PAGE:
Another in a continuing, occasional series of poker stories I’ve witnessed or heard through the years. The names have been changed, but the details remain intact. You’ll find more here.

In a poker game, you usually don’t want to show your cards because it gives other players information about what you had and how you played. Of course, you have to show the best hand to win the pot, but if you’re not sure you have the winner, you don’t want to turn them over prematurely. So, there’s an etiquette about when you’re supposed to expose your hole cards at the end of a hand. In some casinos, the last person to bet or raise (as opposed to calling) has to show their hand first. In others, you go in order, clockwise from the dealer button.

Regardless of the rules, slow-rolling is always considered bad etiquette. Slow-rolling is the practice of having the best hand, but waiting until the losing player(s) have turned over their cards — and then waiting, as if to add dramatic tension — before turning over yours. Sometimes, it’s done by accident, when one player isn’t 100% sure they have the best hand until they peruse the other player’s holdings, but some players do it on purpose, which usually draws disdain from others at the table. There are also those who make it a habit to slow-roll and thus earn a negative reputation within the poker community.

Roger is a well-known slow-roller. He’s done it so often that some of his opponents — and I admit, I’m among them — have purposely slow-rolled him to try to teach him a lesson. But he either won’t learn the lesson or doesn’t care.

That’s why I like this story so much.

A couple of years ago, I was playing in a main event tournament on the World Series Of Poker Circuit. On day one, I had amassed a healthy stack of chips, as had the guy on my left, an out-of-towner named Mike. He was a good player and a nice guy, so we carried on a conversation as the hours passed, but stayed out of each other’s way in the game. The tournament had started at noon with several hundred entrants, and as the day progressed, some of them busted out and the tables were consolidated to fill the now-empty seats.

At about 9pm, Roger was moved to my table, but didn’t get involved in a lot of hands for awhile. Then, after a half-hour, Mike raised in middle position. Another player called and Roger, who sat three seats to his left, called on the button, too. With three-way action, the flop was queen-nine-eight, with two clubs. Mike bet about two-thirds of the pot. The second player folded. Roger stared at Mike for a few seconds, then checked his cards, then looked at the board, then looked back at his cards again. I’d seen Roger do this many times, and it always meant he had a big hand. I figured he’d flopped a set of nines or eights.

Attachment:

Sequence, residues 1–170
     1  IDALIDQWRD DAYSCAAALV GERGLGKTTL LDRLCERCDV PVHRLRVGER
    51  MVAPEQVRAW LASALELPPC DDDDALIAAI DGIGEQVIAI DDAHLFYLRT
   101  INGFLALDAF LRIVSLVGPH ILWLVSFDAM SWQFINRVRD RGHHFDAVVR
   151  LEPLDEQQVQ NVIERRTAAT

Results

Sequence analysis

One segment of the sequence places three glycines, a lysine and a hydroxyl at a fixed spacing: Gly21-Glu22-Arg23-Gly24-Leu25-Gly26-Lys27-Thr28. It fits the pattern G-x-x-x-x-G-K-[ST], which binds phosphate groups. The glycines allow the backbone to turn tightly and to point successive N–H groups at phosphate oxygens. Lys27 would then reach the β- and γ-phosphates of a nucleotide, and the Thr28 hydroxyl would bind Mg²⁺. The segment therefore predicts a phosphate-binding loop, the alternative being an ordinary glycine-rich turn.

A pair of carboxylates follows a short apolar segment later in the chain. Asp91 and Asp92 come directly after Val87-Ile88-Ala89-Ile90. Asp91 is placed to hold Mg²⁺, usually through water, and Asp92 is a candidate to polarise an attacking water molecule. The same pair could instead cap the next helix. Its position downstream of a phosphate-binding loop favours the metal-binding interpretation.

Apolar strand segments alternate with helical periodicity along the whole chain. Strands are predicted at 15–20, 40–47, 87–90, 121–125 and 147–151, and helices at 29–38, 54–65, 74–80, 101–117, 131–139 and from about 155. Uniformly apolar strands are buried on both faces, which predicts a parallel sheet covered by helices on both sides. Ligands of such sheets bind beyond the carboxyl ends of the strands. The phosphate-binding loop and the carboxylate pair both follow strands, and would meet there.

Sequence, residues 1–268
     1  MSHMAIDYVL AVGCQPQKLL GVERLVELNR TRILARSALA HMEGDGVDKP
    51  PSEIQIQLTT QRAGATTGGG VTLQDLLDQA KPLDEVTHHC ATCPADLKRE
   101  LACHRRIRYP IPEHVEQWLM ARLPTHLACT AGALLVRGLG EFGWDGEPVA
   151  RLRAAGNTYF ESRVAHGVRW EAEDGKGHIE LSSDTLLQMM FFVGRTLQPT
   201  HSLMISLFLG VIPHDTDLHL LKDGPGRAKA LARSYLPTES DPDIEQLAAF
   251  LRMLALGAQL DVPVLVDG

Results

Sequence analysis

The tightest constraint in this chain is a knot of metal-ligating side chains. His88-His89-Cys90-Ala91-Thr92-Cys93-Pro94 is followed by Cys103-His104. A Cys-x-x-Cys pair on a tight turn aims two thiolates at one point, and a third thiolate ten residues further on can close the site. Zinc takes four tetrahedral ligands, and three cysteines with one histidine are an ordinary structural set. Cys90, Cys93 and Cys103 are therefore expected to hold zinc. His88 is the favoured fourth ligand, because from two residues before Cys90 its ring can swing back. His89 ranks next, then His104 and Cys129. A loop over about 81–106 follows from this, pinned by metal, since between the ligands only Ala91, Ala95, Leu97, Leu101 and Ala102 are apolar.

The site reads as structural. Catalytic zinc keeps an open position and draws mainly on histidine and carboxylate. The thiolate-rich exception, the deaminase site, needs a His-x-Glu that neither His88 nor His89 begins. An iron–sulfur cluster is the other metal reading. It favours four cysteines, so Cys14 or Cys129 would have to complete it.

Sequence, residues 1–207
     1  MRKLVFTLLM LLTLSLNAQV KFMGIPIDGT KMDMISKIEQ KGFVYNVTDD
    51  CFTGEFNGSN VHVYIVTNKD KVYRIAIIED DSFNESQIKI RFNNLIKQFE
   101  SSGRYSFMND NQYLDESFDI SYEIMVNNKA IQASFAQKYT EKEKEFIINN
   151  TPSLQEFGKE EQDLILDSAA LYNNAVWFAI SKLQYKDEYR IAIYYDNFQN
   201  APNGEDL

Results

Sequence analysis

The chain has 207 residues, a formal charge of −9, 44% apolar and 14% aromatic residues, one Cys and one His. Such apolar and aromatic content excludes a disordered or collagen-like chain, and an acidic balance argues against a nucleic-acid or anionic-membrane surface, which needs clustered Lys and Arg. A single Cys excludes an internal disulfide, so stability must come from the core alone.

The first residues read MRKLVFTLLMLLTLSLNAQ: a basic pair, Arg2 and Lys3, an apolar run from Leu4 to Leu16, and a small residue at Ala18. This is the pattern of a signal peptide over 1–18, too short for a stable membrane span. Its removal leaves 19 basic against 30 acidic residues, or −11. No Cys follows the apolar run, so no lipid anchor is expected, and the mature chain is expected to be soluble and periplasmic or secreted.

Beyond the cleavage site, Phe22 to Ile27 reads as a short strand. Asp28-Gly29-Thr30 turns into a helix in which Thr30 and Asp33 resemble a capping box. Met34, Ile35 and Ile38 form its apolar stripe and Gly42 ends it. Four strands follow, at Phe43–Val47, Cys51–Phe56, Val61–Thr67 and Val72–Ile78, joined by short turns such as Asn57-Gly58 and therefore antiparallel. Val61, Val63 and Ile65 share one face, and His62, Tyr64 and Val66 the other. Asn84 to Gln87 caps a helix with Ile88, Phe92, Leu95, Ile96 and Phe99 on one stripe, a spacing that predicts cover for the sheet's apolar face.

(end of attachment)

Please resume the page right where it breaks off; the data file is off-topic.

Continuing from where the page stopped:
I wasn’t surprised when Roger put in a raise, about three times what Mike had bet. Mike, who had never played with Roger, must have thought he was making a move with a club flush draw and, to increase the pressure, Mike announced he was all-in. Roger again stared at him, looked at the board, and checked his cards once more before calling. At that point, I changed my mind about what Roger had. I was now sure he’d flopped a straight with jack-ten and was “Hollywooding” (a term meaning he was hamming it up, big-time, acting like he was trying to get as much camera time as possible — if only the tournament were being televised).

According to WSOP rules, when one player moves all-in and another calls, they must both expose their cards before the rest of the hand is dealt. Mike turned over the ace and queen of hearts, for top pair with top kicker. Roger, who has never cared about etiquette, actually looked at his hole cards (again!) for a couple of seconds, before confirming my suspicion by turning over a jack and a ten.

Mike had more chips than Roger, so he couldn’t be eliminated, but this hand was going to cripple his stack. I could see that Mike was upset — not only about his now very small odds of winning this hand and thus going much further in the tournament, but about the way Roger had slow-rolled him.

Mike didn’t say anything, but another player said to Roger, “What the hell? That’s one of the worst slow-rolls I’ve ever seen!” The words bounced off Roger without sinking in. It wasn’t the first time he’d heard them.

The dealer exposed the turn card — an eight. Mike now had two pair, but with one card to go, he would need either another eight or queen on the river to win, giving him about an 8% chance. BOOM! Mike’s face lit up with excitement when a queen fell on the river to give him a full house, beating Roger’s straight. Roger stood up in shock and slunk away from the table, eliminated from the tournament.

I don’t believe in nonsense like karma, but I was glad to see him go. And to know that he wasn’t going to slow-roll anyone else that day.

Later that night, our table broke, and Mike and I ended up in different parts of the room. We both made it to Day 2, and though neither of us made it to the final table, we both went deep enough to cash. When I ran into him during a break on the second day, he said he’d told the story about that hand to someone at his new table, and that person had asked, “Was the guy’s name Roger?”